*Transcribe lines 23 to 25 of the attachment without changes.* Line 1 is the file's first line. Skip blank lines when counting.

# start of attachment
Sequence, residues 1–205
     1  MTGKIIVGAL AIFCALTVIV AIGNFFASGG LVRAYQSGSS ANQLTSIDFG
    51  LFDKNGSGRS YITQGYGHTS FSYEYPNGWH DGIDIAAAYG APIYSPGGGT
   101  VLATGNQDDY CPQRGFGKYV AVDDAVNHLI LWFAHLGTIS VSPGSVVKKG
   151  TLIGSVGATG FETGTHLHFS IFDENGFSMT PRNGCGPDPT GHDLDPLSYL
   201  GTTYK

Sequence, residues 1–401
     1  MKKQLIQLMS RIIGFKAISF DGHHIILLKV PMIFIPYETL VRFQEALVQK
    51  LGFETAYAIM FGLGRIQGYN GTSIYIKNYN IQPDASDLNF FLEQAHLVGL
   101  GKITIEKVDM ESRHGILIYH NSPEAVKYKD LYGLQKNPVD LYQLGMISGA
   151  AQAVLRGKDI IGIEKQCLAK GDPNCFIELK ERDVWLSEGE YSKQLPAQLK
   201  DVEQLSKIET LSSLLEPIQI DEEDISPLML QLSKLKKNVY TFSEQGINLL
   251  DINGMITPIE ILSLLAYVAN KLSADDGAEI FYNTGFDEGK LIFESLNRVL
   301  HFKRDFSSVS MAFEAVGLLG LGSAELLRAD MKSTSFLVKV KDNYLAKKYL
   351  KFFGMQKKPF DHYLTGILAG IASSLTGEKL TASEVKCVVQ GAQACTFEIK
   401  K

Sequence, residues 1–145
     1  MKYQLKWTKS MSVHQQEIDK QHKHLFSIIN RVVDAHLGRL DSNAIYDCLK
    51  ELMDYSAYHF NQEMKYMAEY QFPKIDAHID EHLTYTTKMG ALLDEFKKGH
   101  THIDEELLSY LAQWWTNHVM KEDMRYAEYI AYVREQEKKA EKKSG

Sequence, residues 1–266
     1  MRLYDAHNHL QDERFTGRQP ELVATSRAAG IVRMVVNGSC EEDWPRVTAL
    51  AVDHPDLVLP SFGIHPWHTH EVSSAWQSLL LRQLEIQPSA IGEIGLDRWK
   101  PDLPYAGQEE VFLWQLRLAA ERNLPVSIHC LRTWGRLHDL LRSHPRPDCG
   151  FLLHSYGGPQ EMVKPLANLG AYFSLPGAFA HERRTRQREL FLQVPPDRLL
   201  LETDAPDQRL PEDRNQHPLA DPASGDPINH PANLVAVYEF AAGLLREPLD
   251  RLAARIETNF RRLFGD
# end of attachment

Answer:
    51  AVDHPDLVLP SFGIHPWHTH EVSSAWQSLL LRQLEIQPSA IGEIGLDRWK
   101  PDLPYAGQEE VFLWQLRLAA ERNLPVSIHC LRTWGRLHDL LRSHPRPDCG
   151  FLLHSYGGPQ EMVKPLANLG AYFSLPGAFA HERRTRQREL FLQVPPDRLL